Rods and cones

We stumbled upon the topic of colorblindness in animals over the New Year's dinner. (Oh, how I truly enjoy the conversations I have with my in-laws! You never know where the conversation is going to go.) Everyone in the gathering thought that animals were colorblind, and only saw the world in black and white. So, the news that my father-in-law had to share that dogs and cats have cones in their eyes that are sensitive to green and blue was news to everyone, and a chorus of "I-always-thought-that"s quickly broke out. Except for me. I have to admit, it never even occurred to me to wonder whether animals can see in color, and I certainly don't have any recollections of this topic coming up before. So, the whole topic of conversation was definitely news to me.

In a related note, it is well-known that I have one of the most adorable and lovable cats on the planet. Sadly, she rarely photographs well. She doesn't have a red-eye problem. No. She has the creepy-glowing-yellow-eye (which most photo editors do not fix) issue.

We human-folk may have three types of cones in our eyes that allow us to register blue, green, and red light, but dogs and cats and many other predatory animals have additional cells behind their retinas called tapetum lucidum. These cells act like a mirror behind the retina, and work to let cats and dogs pick up extra light at night.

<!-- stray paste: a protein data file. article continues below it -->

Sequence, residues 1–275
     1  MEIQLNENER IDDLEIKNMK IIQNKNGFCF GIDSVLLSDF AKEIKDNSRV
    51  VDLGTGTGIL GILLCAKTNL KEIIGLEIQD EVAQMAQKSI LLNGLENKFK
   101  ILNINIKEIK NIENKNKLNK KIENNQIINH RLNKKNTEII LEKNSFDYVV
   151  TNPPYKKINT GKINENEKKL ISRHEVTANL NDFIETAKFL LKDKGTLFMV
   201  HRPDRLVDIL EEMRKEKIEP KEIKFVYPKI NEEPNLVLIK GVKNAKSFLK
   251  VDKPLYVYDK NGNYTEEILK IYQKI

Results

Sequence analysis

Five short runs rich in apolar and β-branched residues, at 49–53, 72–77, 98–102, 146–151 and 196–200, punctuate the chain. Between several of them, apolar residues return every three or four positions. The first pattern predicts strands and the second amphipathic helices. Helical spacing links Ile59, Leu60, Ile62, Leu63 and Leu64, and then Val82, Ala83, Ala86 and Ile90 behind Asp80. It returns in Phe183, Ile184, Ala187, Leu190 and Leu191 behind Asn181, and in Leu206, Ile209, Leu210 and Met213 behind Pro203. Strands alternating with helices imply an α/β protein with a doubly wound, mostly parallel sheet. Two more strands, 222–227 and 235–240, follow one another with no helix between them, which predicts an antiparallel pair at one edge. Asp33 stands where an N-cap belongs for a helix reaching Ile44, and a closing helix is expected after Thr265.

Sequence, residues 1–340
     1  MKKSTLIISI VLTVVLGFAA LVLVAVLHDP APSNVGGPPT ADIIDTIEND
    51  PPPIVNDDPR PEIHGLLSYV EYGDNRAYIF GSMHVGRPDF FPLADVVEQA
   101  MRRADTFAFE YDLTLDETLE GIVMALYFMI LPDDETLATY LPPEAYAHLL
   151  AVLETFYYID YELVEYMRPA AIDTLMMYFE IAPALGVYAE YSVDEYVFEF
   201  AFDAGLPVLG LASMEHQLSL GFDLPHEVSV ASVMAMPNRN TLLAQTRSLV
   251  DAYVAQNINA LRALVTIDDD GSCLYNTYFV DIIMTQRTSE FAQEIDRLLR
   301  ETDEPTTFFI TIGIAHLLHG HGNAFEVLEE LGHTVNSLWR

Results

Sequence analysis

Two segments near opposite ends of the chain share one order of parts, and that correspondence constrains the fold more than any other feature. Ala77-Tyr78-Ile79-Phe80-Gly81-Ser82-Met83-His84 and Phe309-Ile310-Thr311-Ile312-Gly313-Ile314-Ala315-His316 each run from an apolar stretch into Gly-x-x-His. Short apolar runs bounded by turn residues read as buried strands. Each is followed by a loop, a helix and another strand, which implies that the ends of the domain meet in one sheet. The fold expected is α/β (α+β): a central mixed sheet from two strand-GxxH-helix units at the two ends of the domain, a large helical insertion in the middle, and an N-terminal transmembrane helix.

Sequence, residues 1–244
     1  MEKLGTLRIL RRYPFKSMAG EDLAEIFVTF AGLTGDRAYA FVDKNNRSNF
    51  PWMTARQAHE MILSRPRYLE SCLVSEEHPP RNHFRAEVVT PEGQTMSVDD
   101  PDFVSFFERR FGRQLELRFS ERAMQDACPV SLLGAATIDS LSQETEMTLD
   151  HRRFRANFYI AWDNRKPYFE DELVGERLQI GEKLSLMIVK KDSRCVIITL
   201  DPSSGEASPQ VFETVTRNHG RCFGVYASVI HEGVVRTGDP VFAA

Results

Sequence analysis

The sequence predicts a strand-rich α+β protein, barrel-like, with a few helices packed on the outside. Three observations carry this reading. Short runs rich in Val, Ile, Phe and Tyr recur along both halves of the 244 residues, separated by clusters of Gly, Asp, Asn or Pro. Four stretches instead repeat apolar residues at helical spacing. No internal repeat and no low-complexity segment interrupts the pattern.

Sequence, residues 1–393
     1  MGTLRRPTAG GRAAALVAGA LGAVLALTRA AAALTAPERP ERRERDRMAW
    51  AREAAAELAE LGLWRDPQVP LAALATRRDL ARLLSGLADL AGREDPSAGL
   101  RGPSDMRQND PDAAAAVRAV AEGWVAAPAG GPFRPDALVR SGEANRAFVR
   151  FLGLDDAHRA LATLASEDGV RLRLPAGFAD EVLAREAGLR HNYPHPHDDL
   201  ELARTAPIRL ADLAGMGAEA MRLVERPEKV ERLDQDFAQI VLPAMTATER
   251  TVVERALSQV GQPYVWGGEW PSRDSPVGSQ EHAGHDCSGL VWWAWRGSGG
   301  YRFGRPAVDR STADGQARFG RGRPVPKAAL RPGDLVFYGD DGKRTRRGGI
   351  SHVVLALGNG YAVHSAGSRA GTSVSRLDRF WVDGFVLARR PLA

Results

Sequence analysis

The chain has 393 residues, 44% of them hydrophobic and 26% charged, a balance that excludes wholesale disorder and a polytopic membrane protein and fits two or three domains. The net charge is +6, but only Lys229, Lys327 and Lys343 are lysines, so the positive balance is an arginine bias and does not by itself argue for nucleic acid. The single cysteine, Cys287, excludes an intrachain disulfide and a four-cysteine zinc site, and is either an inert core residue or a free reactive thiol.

So. Until photoshop comes up with tapetum-eye remover, I'm going to have to work on not using flash if I want to have a decent picture of my cat.

1 comment:

Kristin said...

I remember conducting a color experiment on my (sweet, agreeable, always willing to go along with the silly kid) dog. Using what food coloring Mom had available, I dyed two glasses of water blue and one green. I let her look at one blue glass, then led her over to the other blue and the green, set up together. She picked the blue, and I had conclusive results by dinner.

Great post—my household now has two cats, and we have again been wondering what colors they see.